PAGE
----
In mark 11 we read that Jesus entered into Jerusalem 3 times. The first time was on the colt that hadn’t been broken in and ridden. Here we see Jesus declaring his Lordship over the animal kingdom for its an amazing miracle that he could just hop on a untamed donkey or horse and ride it the way he did. The crowd are amazed and praise him and follow Jesus and his disciples into Jerusalem where an anti climax takes place and the crowds disperse..,Jesus looks around and then they leave again and go home.
The second day in coming to Jerusalem he saw a fig tree with no fruit on it and cursed it and continued on his journey until he reached the temple. There he got angry and over turned tables and chairs and cleared out from the temple all who were selling and buying and the money changers. And the people were astonished at his teaching there…. and he left for Bethany once again.
On the third day Jesus started the trip to come back into Jerusalem. Peter was astounded to see the fig tree had withered and died. And Jesus started to teach Peter and his companions about prayer.
Mar 11:22 And Jesus answered them, “Have faith in God.
Mar 11:23 Truly, I say to you, whoever says to this mountain, ‘Be taken up and thrown into the sea,’ and does not doubt in his heart, but believes that what he says will come to pass, it will be done for him.
Mar 11:24 Therefore I tell you, whatever you ask in prayer, believe that you have received it, and it will be yours.
Mar 11:25 And whenever you stand praying, forgive, if you have anything against anyone, so that your Father also who is in heaven may forgive you your trespasses.”
It would seem that at first glance a literal understanding of this passage says that we can ask for literally anything and if we believe we have received it and don’t doubt…it shall be ours. But, there are some difficulties in this understanding. The first is that there is a bit of debate between scholars if it says Have faith in God, or Have God’s faith! Secondly, this literal understanding doesn’t fit into the wider contextual meaning of the chapter, and the passage’s emphasis on forgiveness. And the third issue is what mountain exactly is Jesus pointing to?
This then leads us to ask how does forgiveness fit into the historical schema of the Jews. And so we are taken to Deuteronomy where Moses speaks about God’s forgiveness.
Deu 4:29 But from there you will seek the LORD your God and you will find him, if you search after him with all your heart and with all your soul. Deu 4:30 When you are in tribulation, and all these things come upon you in the latter days, you will return to the LORD your God and obey his voice.
Because there is an emphasis on the temple and Jesus is pointing to the mountain that the temple is on; we are forced to look at what God said to Solomon who was the first builder of the temple.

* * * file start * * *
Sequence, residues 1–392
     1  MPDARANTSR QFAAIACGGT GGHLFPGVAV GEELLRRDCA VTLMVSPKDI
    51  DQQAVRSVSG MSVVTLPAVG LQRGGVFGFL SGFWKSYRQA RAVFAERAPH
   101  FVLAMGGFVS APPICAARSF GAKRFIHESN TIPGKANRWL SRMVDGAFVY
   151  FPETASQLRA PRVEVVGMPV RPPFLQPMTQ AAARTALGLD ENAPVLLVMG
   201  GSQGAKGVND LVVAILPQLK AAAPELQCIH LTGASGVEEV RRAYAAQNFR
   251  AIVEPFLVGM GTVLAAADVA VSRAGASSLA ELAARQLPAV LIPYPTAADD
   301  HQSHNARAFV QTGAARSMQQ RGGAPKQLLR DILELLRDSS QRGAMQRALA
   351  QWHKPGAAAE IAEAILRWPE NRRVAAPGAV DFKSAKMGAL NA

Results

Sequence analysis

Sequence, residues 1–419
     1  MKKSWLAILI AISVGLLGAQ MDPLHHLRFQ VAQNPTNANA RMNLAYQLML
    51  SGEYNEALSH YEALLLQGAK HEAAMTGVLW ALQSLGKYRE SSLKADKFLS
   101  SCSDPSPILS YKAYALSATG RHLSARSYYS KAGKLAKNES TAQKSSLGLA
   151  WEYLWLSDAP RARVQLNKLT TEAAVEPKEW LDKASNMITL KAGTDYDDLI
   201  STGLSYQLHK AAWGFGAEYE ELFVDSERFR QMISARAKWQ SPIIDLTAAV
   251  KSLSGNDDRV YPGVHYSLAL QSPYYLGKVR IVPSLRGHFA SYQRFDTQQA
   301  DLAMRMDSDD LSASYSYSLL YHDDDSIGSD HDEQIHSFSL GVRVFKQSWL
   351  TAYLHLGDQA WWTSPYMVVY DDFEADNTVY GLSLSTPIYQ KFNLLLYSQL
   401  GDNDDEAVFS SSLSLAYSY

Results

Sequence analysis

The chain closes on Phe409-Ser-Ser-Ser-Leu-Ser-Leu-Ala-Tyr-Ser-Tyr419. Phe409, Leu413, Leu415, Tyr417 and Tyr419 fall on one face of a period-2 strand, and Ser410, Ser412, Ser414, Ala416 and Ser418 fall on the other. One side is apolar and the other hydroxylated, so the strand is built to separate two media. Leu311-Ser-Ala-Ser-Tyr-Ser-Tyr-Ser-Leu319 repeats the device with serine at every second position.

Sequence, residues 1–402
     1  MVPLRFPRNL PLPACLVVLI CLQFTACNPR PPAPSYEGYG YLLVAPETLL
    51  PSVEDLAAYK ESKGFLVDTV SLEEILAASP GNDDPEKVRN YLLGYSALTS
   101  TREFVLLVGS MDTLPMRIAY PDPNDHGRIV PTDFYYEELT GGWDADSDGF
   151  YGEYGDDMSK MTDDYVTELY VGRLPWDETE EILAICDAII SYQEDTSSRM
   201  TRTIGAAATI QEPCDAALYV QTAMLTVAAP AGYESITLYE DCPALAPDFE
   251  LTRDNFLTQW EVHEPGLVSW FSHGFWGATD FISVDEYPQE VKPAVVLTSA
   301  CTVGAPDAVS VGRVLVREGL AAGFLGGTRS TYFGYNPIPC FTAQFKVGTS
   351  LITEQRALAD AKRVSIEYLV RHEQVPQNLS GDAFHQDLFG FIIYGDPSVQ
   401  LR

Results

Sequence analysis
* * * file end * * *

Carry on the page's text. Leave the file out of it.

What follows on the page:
1Ki 9:6 But if you turn aside from following me, you or your children, and do not keep my commandments and my statutes that I have set before you, but go and serve other gods and worship them,
1Ki 9:7 then I will cut off Israel from the land that I have given them, and the house that I have consecrated for my name I will cast out of my sight, and Israel will become a proverb and a byword among all peoples.
1Ki 9:8 And this house will become a heap of ruins. Everyone passing by it will be astonished and will hiss, and they will say, ‘Why has the LORD done thus to this land and to this house?’
Eventually the nation falls into deep idolatry which is accompanied with deep self centeredness from within the governmental and religious leadership resulting in a corruption and a lack of social care. And God sends the prophet Micah to the nation to rebuke them of their lack of social care..
Mic 6:8 He has told you, O man, what is good; and what does the LORD require of you but to do justice, and to love kindness, and to walk humbly with your God?
But they don’t listen, war breaks out, the leadership topples, the temple is destroyed and the nation is taken into captivity. Skipping forward, we see the nation praying, the people are allowed to return to their country, and the temple is eventually rebuilt. Within this historical frame work we come to the present situation where Jesus is speaking about the temple and the religious practice / leadership of the nation who have forsaken social kindness and the care of the people.
We often read of Jesus walking and talking amongst the broken hearted and lonely. Hugging and healing the lepers. Eating with tax collectors and sinners. Forgiving the prostitutes, healing the sick, feeding the hungry and delivering the demon possessed. And within this narrative setting we see Jesus putting into practice the words of Micah…Practice justice, show kindness and walk humbly with God….which is something the religious leaders of the land failed to do.
Within the context of prayer. Jesus is not teaching us to pray for what ever we want. He isn’t encouraging us to a lifestyle of idolatrous prayer. Rather he is encouraging us that God is for us and not against us and if we truly seek God, we will find what we desire and that desire is God.